I've started a new project where I write a review and pictorial session of the games I own. Here's Gruff!
Preamble: I hope to relate just enough of the rules/mechanics that you can get a feel for the game. I'm not going to re-type the rulebook; I respect you, the publisher, and the designer too much for that. I include the pictorial session because I always find myself wishing I could see the game played, in a sequential, pictorial fashion.
Game: Gruff is a quick-playing tactical deck-composition card game. You probably know the type; you compose your deck before the game starts, and then slug it out with your opponent, hoping to reduce your opponent's life to zero before they do the same to you.
Only this time you're fighting with all sorts of wild, mutated goats (gruffs) and their increasingly insane shepherds.
(pic borrowed from Andrew Helton)
Cut to the chase: I really like Gruff; for these reasons: It plays quickly, and it's easy to get your head around the card/gruff/shepherd interactions; making it easier to iterate on your deck, or change it entirely. Half the fun of these kinds of games is composing a deck; and Gruff lets you have that fun.
Additionally, Gruff is fully complete in the box; unlike other LCG's, where you have to buy two base games at at least one expansion before you have a 'complete' set, or where one of the factions is incomplete or hamstrung until the next expansion. Gruff doesn't do that, and that's the publisher respecting you as a player, and as a customer, to sell you a fully complete game.
After playing a couple of games, I look forward to tweaking the starting decks, and then going and creating whole new ones from scratch; again, and again, and again.
Details, details: The game comes with 7 Shepherds, 15 Gruffs (goats, or what's left of them), and 15 cards that belong to each gruff. To compose your deck, you pick a shepherd, pick three gruffs, and then pick eight cards from those available for each gruff. Just from those numbers, you can see there is great variety in the ways the game elements can be combined.
As you may have guessed, Shepherds and Gruffs are differentiated by having varying stats and special skills. Most shepherd's skills activate when their life falls below a certain threshold; but some have a high threshold, feeling like getting into second gear; and some have a low threshold, feeling like a last-ditch effort. Some gruffs have skills that mesh well with the cards of other gruffs, and some have cards or skills that mesh well with a shepherd's skill.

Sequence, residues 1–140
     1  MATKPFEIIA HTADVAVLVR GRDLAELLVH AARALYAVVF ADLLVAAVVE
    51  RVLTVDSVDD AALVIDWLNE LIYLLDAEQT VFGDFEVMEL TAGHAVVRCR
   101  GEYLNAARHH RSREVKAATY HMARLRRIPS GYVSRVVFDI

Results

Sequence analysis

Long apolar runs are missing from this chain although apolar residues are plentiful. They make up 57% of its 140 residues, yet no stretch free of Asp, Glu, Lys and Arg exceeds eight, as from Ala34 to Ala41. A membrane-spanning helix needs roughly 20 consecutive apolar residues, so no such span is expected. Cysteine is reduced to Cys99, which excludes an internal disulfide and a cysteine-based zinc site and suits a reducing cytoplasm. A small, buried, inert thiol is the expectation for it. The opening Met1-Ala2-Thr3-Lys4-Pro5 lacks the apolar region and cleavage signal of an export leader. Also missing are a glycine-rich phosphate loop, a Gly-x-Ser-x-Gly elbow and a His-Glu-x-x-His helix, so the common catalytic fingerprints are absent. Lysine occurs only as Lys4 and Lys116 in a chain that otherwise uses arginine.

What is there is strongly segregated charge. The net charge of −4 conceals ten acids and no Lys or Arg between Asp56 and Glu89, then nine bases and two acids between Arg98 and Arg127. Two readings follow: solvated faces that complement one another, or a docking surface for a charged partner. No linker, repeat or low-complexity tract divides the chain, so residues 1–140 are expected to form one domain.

To add to the plethora in the box; the game also has rules for a 4-player draft tournament, where you draft shepherds and gruffs, and then compose your decks. And you don't have to buy an extra copy of the game to have 4 people playing.
Session: The starter game setup suggested in the rules does a really good job of showing this meshing; and that's the session I’m going to show now.
Here's the start of the game, we have Grimwood facing off against Gristle:
Grimwood fields Skitters, Zumberg, and Bubbles. The first two have a lot of cards that harm your shepherd for some benefit; and so it feels like playing a Lich, doubly so because Zumberg gains +1 Weird when a Shepherd takes damage.
Gristle fields Gusto, Gaptooth, and Ol'Darby. His gruffs mesh well together, as Ol'Darby gains +1 Mean and +1 Weird whenever he's moved; and Gusto has a bunch of cards that move the Gruffs around. Gristle is true to name; tough and hard to chew; as his skill returns 'Protect' and 'Block' cards into your hand when his health falls below threshold, and ya' know who has those cards? Gaptooth.
By the middle of the game, Grimwood was already down to two health, while Gristle was still above his threshold. I blame that on my own subpar play. Zumberg's about to attack, but it wont' be enough.
Here's the end, with Grimwood taking a sound beating.
We didn't use the demo-opening hands for the second game, but the second game went much the same way. Grimwood died poised to deliver a massive eight point attack that would have defeated Gristle; but couldn't hold out long enough.
I look forward to tweaking these starting decks, and then going and creating whole new ones from scratch; again, and again, and again.
Thanks for reading!
Thanks. I'm looking at the Rage expansion on Kickstarter right now, and your description makes it clear what I'm considering getting into. I value the fact that it's a complete game in a box. I want to avoid hunting down rare cards and waiting for the next wave of a game.
This looks light enough, interesting, teachable, and fun.
What an excellent and thorough review!